It is innately human to comfort and provide care to those suffering from cancer, particularly those close to death. Yet what seems self-evident at an individual, personal level has, by and large, not guided policy at the level of institutions in this country. There is no argument that palliative care should be integrated into cancer care from diagnosis to death. But significant barriers-attitudinal, behavioral, economic, educational, and legal-still limit access to care for a large proportion of those dying from cancer, and in spite of tremendous scientific opportunities for medical progress against all the major symptoms associated with cancer and cancer death, public research institutions have not responded. In accepting a single-minded focus on research toward cure, we have inadvertently devalued the critical need to care for and support patients with advanced disease, and their families.
This report builds on and takes forward an agenda set out by the 1997 IOM report Approaching Death: Improving Care at the End of Life, which came at a time when leaders in palliative care and related fields had already begun to air issues surrounding care of the dying. That report identified significant gaps in knowledge about care at the end of life and the need for serious attention from biomedical, social science, and health services researchers. Most importantly, it recognized that the impediments to good care could be identified and potentially remedied. The report itself catalyzed further public involvement in specific initiatives-mostly pilot and demonstration projects and programs funded by the nonprofit foundation community, which are now coming to fruition.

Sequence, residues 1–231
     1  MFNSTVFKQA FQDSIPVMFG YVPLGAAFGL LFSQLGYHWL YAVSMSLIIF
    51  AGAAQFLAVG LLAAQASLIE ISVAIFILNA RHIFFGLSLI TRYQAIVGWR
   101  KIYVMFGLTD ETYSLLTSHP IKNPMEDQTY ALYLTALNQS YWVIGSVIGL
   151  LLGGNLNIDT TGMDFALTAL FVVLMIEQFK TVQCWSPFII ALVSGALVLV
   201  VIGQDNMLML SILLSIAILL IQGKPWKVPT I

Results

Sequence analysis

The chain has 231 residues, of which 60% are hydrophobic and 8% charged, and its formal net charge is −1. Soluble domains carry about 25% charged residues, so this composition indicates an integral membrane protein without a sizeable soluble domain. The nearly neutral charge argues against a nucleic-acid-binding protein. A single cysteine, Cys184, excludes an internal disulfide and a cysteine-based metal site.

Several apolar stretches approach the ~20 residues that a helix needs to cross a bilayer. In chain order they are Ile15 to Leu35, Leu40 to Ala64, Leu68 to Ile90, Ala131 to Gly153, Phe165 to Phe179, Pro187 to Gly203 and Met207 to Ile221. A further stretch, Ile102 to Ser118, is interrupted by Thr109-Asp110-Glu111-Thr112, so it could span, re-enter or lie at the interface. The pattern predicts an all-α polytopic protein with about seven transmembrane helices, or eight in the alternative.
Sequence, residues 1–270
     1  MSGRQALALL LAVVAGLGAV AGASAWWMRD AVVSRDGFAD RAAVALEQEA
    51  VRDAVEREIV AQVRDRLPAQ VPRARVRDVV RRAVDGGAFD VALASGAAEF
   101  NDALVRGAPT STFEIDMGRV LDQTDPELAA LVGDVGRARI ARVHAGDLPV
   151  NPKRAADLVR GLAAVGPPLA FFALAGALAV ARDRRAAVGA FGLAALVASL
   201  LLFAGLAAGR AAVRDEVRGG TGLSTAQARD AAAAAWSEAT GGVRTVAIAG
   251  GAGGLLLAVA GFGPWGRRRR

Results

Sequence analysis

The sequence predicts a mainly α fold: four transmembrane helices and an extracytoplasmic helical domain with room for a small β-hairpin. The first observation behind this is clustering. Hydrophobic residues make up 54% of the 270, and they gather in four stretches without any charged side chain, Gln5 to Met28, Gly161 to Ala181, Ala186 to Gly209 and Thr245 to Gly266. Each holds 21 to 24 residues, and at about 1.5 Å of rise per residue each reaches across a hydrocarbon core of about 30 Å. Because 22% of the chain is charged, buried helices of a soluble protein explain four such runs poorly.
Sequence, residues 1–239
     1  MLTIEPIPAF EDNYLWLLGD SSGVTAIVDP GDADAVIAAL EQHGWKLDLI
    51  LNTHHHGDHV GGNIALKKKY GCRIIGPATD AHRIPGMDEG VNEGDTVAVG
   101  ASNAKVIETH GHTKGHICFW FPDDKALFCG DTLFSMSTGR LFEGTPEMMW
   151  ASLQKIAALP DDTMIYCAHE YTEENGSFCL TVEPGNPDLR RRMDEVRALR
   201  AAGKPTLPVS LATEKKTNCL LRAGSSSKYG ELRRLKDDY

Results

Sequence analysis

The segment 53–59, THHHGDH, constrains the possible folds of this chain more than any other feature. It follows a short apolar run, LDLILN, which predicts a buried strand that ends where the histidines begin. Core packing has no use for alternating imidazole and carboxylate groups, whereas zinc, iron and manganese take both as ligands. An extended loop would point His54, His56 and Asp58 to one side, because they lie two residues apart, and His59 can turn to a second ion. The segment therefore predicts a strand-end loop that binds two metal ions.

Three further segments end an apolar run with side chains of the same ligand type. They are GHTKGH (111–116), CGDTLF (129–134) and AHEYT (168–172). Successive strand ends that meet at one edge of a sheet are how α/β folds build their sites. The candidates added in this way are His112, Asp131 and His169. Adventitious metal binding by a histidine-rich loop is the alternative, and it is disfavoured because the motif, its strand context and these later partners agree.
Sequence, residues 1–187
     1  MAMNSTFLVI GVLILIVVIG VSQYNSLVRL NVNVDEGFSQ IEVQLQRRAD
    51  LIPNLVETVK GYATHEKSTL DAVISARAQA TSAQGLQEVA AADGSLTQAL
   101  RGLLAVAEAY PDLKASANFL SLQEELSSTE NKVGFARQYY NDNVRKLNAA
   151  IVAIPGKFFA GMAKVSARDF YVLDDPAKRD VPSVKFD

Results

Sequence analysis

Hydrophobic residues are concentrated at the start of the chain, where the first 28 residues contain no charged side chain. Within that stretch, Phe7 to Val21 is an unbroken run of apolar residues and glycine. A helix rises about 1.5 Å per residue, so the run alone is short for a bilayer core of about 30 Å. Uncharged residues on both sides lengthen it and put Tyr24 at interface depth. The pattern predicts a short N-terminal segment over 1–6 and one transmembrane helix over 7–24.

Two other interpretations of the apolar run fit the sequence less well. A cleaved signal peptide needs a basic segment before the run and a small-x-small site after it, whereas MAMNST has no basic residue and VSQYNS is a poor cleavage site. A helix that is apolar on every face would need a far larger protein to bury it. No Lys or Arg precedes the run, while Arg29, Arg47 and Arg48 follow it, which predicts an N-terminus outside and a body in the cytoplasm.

Table of Contents
|Conclusions and Recommendations||43-47|
|Appendix A: Tables A-1 and A-2||51-58|
|Appendix B: Recommendations from Enhancing Data Systems to Improve the Quality of Cancer Care(IOM, 2000)||59-62|
|Acronyms and Abbreviations||63-64|
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